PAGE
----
Messengers should also draw on history to communicate the need for greater freedoms. Many Asian countries have experienced communism, Islamic autocracies, and authoritarianism at various periods in their existence. Unlike some Western populations, these Asian societies have a recent memory of living without basic freedoms that can shape their wariness of authoritarianism today.
Messaging about economic freedom, rule of law, and representative government will be most effective if publics understand the direct impact of these structures on their lives. Accompanying graphs and charts with case studies, anecdotes, images, and simple infographics will make complex ideas more relatable. Those who experience short-term pain in the name of free markets — such as the removal of subsidies—need to hear about the long-term benefits of policy decisions on their lives, such as the amount of money they will save in taxes from ending subsidies.
Messengers should market their arguments to elite audiences as well. Many liberal thinkers and politicians in the region promote only some types of freedom; those who advocate for rule of law may not support economic openness, and vice versa. Elites must be convinced that increased freedoms across all domains will result in a more prosperous society. Potential steps include packaging clear talking points for politicians and providing impactful data to journalists to demonstrate the benefits of increased freedoms.
Effective messaging should also consider the gradient between free market and interventionist systems. Messengers should be cautious about always dismissing state interventions as ineffective—East Asia is currently seeing the rapid reinvention of managed economies, providing a number of strong models that promote freedom while addressing inequality. Messengers should emphasize that a strong state is not necessarily off the table, so long as it is accompanied by societal freedoms that help the private sector and spur long-term investment.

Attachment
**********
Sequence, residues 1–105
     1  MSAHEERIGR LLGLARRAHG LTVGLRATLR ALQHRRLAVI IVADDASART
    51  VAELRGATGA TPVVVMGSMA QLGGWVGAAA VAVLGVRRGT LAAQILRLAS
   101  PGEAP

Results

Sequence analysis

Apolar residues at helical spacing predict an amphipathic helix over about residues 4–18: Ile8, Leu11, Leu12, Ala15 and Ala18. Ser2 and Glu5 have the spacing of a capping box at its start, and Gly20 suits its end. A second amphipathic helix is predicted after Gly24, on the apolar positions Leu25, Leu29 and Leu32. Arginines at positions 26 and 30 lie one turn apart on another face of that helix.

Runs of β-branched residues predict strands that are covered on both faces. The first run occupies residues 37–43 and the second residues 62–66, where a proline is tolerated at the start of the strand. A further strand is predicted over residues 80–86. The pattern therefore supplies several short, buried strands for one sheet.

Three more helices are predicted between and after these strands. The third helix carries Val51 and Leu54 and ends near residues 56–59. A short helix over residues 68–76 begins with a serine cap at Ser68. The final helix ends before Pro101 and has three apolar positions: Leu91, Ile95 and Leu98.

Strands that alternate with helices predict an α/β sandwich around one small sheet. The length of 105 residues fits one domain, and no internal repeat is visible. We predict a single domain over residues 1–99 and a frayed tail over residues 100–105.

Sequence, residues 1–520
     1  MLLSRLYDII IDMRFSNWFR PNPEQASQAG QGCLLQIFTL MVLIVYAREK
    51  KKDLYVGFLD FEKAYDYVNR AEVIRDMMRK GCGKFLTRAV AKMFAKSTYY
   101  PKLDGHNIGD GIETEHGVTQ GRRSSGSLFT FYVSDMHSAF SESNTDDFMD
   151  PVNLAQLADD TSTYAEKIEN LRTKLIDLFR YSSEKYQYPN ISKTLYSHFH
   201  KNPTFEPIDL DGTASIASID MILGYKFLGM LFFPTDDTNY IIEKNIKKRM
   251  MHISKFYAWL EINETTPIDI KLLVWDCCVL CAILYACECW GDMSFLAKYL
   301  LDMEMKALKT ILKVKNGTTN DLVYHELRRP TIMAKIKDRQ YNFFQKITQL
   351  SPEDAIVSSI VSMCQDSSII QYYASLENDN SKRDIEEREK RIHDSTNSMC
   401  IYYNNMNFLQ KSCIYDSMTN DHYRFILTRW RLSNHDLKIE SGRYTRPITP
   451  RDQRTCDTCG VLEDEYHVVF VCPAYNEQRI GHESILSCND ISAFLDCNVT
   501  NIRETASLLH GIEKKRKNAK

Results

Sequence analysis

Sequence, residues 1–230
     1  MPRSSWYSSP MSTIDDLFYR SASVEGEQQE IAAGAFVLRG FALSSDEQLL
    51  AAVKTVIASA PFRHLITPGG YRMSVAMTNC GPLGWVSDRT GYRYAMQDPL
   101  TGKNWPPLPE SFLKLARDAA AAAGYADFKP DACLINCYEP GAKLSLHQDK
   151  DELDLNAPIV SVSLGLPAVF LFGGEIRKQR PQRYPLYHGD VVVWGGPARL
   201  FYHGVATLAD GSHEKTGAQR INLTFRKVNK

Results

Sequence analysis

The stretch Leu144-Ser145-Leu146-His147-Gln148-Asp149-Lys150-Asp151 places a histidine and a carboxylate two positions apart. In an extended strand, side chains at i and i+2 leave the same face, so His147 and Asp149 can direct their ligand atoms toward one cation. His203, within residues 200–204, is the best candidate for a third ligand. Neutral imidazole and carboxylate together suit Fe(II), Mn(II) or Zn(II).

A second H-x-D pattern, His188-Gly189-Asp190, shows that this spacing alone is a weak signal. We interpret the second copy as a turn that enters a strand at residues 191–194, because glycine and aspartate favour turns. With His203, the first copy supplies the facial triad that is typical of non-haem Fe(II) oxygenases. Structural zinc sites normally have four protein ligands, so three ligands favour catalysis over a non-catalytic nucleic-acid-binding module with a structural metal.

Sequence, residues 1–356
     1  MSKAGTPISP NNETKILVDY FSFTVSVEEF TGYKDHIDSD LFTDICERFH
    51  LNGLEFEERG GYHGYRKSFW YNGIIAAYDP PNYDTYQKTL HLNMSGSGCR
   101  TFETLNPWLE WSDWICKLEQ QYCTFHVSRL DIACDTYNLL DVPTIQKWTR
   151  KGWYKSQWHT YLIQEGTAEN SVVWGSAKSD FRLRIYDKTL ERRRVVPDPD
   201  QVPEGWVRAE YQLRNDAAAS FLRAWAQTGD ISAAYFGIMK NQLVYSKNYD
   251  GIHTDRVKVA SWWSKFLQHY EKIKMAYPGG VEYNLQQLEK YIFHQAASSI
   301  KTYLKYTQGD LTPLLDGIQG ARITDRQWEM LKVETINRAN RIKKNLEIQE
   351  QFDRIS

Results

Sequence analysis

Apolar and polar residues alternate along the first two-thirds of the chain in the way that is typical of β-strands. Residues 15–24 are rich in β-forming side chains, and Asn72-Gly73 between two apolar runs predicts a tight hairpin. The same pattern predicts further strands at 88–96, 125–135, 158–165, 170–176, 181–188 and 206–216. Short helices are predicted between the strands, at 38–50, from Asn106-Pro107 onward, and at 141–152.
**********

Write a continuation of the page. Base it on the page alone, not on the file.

Finally, messaging derives its credibility from the credibility of the messenger. Many messengers around the world, and particularly in Asia, are better positioned to deliver this message than those in the West. India has enormous credibility as a democratic messenger but often does not realize its full potential. Other Asian countries also have a role to play in their own region and beyond. Western partners should understand when it may be most effective to step back and allow Asian messengers to take the lead.
What can be done
Messaging about the benefits of freedom and democracy must be accompanied by real action. The credibility of this message is tied to its demonstrated benefits, and publics will be unlikely to support democratic systems if they do not see a tangible positive impact on their lives. Established democracies need to demonstrate that they can deliver steady growth by reducing inequality at home and ensuring the widespread distribution of benefits and opportunity across society.
Western democracies also need to make reforms at home to improve the credibility of messaging abroad. Leaders should consider what changes will make the liberal democratic model even more credible, particularly in the face of growing competition from the “China model” across Asia.
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The Freedom and Prosperity Center aims to increase the prosperity of the poor and marginalized in developing countries and to explore the nature of the relationship between freedom and prosperity in both developing and developed nations.